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Vivian Maier took over 100,000 photographs throughout her lifetime, displaying a genuine predilection for human life. However, much of the intrigue that surrounds her is targeted towards the artist herself, given that Maier failed to reveal any of her work throughout her lifetime. Notoriously, she purposely kept her avocation hidden from the world’s view. Now after the unforeseen discovery of her work, she is rightly regarded as a prolific documentarian of 20th-century American culture.
The possibility of unearthing treasure in the modern age is a thrilling thought. Either deliberately or unwittingly, many in the past few years have discovered caches of treasure. However, John Maloof placed a $380 winning bid, at an auction house across the street from his home in 2007, on a box containing photo negatives of 1960s Chicago street life. He was in the process of writing a book on the city of Portage Park and hoped to purchase nostalgic photographs of its past. He soon learned the box contained nothing but seemingly useless portraits and buried the box at the back of his closet. It took him two years to finally rediscover his past winnings and he spent weeks, scanning negatives and examining the newly developed photographs.
All he had was a name, Vivian Maier, who was a woman that no internet search engine would recognize. In time, he realized that the old box he erroneously assumed was worthless, would take him on a cultural and historical journey he could never have anticipated. Maloof tracked down pieces of Vivian’s life from an old storage unit; thousands of negatives, hundreds of rolls of undeveloped film, audio tapes, clothing, receipts, transport tickets, letters, postcards and trinkets, all perfectly preserved. Through each item, large and small, he gradually pieced her life together and identified a woman that was far more enigmatic and eccentric than he had assumed. Evidently, he had discovered a cryptic American treasure of the photographic world.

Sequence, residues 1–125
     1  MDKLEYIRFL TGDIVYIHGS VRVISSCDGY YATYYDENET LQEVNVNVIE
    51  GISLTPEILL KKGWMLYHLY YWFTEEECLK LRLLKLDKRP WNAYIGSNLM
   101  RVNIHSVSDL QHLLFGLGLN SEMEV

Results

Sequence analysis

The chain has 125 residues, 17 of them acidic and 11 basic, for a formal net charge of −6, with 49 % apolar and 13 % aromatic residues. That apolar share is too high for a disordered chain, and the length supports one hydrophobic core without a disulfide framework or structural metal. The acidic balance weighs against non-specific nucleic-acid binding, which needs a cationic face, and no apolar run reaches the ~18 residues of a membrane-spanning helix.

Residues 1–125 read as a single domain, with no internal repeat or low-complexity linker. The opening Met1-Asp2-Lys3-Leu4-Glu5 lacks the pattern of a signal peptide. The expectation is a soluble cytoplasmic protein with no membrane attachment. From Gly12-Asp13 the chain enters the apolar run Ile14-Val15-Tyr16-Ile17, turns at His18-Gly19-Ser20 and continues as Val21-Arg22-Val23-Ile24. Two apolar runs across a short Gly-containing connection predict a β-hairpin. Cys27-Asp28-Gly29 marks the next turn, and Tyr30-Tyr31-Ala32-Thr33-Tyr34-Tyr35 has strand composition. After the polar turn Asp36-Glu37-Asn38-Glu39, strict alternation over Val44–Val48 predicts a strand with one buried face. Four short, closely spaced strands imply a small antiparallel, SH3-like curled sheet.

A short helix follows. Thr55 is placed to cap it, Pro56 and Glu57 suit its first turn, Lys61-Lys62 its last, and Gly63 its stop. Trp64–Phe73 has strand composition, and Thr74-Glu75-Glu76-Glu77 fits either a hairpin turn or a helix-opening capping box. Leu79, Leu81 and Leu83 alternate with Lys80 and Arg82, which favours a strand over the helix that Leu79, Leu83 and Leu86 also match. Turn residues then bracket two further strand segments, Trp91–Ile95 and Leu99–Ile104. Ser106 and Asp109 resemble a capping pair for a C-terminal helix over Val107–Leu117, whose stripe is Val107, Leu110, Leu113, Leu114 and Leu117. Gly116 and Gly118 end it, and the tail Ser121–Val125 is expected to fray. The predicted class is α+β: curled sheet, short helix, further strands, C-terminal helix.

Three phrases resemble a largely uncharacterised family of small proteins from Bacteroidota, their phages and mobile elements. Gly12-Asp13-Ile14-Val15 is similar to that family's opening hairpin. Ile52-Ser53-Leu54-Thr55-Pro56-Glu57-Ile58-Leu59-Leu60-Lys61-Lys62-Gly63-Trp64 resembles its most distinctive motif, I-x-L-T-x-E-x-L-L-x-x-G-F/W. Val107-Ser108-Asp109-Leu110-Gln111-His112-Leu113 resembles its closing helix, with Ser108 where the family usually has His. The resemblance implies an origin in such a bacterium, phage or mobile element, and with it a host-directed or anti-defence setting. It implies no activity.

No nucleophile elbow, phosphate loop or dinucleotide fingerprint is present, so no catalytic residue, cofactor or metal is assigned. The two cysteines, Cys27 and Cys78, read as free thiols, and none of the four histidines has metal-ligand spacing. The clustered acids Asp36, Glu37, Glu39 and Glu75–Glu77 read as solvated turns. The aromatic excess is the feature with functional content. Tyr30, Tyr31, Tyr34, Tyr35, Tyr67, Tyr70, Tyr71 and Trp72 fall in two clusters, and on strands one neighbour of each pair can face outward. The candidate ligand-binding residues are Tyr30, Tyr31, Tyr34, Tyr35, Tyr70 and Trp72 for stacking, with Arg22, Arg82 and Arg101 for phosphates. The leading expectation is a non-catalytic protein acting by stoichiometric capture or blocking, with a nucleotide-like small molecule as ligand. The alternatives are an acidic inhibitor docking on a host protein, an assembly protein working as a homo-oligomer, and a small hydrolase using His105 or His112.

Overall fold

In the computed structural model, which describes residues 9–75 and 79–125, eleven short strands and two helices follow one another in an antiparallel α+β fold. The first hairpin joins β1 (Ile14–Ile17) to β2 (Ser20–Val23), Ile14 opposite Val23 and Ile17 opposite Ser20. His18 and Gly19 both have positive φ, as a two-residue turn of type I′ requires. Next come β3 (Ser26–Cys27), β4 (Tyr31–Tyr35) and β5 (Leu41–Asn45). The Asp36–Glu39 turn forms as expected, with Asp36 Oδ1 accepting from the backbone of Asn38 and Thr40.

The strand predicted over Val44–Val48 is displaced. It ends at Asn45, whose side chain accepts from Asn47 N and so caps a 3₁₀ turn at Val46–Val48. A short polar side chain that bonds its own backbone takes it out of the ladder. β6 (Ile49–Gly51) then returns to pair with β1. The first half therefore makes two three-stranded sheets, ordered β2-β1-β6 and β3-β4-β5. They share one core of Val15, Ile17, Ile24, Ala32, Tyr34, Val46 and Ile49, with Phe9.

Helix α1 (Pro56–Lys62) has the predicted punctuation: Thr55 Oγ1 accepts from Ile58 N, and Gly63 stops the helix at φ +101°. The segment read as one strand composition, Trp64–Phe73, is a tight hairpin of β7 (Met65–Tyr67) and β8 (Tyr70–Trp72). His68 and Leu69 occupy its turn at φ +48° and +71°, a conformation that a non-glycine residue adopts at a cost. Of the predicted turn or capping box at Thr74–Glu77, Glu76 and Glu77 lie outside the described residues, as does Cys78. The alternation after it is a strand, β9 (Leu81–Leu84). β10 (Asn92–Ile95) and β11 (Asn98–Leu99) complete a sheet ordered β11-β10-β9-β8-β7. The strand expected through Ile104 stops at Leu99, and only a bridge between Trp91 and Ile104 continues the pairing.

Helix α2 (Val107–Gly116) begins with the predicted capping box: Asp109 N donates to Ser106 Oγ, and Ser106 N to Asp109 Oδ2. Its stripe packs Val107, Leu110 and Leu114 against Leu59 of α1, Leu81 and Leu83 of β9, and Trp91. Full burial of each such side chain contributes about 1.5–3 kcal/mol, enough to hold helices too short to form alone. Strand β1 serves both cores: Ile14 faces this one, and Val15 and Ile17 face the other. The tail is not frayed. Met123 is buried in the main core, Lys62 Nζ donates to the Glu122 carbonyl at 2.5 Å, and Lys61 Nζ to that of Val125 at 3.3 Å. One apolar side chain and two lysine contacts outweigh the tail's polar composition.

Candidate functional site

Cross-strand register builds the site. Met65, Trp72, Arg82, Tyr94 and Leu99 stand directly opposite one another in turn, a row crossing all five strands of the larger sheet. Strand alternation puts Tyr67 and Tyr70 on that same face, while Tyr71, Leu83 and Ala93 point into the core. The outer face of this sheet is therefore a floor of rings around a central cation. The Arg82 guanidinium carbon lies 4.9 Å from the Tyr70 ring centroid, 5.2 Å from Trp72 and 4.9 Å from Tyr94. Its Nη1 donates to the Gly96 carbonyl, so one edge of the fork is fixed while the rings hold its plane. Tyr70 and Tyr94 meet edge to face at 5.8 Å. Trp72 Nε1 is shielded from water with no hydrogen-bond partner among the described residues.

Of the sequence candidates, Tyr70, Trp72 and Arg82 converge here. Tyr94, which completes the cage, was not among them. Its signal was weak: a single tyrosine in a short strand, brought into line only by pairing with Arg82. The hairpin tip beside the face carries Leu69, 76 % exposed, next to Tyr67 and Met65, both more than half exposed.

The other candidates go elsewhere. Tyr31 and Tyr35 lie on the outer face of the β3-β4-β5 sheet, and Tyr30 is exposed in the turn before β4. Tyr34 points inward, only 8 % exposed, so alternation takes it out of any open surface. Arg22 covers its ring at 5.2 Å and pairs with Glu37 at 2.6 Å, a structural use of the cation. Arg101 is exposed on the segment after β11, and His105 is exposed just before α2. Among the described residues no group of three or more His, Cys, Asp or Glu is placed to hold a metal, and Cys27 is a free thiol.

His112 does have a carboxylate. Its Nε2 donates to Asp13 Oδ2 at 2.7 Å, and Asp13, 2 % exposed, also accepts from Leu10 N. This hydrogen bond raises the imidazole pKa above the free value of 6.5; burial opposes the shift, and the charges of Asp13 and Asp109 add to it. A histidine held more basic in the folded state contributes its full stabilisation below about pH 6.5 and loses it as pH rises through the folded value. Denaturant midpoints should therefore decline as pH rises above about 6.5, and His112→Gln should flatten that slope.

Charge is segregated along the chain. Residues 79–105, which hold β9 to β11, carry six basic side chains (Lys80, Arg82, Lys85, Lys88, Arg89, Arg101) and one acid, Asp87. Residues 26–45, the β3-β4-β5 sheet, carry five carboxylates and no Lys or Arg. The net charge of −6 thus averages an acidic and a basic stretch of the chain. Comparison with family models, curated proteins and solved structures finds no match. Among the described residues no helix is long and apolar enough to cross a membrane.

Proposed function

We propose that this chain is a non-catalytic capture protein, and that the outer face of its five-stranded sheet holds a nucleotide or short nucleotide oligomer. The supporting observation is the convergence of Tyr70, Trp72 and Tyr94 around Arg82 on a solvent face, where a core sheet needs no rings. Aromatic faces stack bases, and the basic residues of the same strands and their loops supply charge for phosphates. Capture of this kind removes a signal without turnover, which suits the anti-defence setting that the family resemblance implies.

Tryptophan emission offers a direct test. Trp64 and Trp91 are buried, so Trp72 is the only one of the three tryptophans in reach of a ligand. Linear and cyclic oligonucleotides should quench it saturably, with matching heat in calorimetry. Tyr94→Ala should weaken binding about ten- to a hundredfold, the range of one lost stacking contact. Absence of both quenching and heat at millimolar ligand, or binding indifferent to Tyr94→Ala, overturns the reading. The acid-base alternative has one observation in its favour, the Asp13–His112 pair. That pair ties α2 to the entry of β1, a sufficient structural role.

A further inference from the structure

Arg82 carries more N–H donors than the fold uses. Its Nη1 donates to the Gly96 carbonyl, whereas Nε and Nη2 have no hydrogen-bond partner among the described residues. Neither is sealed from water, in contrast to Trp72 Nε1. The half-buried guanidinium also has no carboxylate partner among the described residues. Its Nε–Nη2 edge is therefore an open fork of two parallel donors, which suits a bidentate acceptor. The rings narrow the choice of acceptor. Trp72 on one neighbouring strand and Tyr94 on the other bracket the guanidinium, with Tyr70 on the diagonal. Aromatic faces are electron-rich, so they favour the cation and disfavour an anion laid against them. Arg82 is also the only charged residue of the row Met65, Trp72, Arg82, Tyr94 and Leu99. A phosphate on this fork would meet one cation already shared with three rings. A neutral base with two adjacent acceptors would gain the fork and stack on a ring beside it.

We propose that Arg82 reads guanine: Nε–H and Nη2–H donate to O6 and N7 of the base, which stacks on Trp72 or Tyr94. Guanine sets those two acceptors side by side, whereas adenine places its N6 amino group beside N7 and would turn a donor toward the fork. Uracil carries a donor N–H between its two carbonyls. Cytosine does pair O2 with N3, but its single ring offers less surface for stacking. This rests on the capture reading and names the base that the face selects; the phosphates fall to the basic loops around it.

Born in New York in 1926 to a French mother and Austrian father, Vivian spent 40 years of her life predominately working as a nanny for a number of families throughout Chicago and New York. In the documentary film Finding Vivian Maier (2013), directed by Maloof and Charlie Siskel, many of the interviewees who knew her give a number of partially conflicting accounts on how she was as a nanny and as a woman. Evidence shows that she offered a number of aliases in place of her real name throughout her lifetime, insisted that her accommodations came with sturdy locks, that she was exceptionally liberal, spoke with a slight French accent and lived her life as a lonely spinster. The three most important aspects to Vivian that her friends, employers and acquaintances could concur on is that her background was a mystery, she was impenitently private, and that a twin-lensed Rolleiflex camera perpetually dangled around her neck.
Her photography spans from the 1950s through to the 1980s, and covers all aspects of American life during these eras, from the fur-clad upper elite to the poorer working classes. Vivian captured a multitude of subjects that personally appealed to her senses and from this, the evidence shows that there were two sides to her artistry; an eclectic mix of gore and glamour. She seemed to have continuously snapped moments throughout her day, both during work hours and her free time, focusing mainly on street photography and portraits of strangers, including famous figures like film stars, Kirk Douglas and Audrey Hepburn.
During the time that she was a nanny, she persistently photographed the children that were left in her care during their infantile and capricious days. She carefully and lovingly recorded every action and each of their emotions, ranging from elation to sorrow. Children, known and unknown to her personally, feature in many of her photographs, appearing as the perfect subjects for her to practice her art. Women and men of various origins, from African-American to Asian, were carefully documented throughout the busy cities she traversed through. Some appear to be posing while others may not have acknowledged her presence. Their reactions range from apathetic to concerned, contented to displeased. The spectrum of expression is truly revealing of natural human emotion and poses questions about the subject’s thoughts and feelings during their captured moments.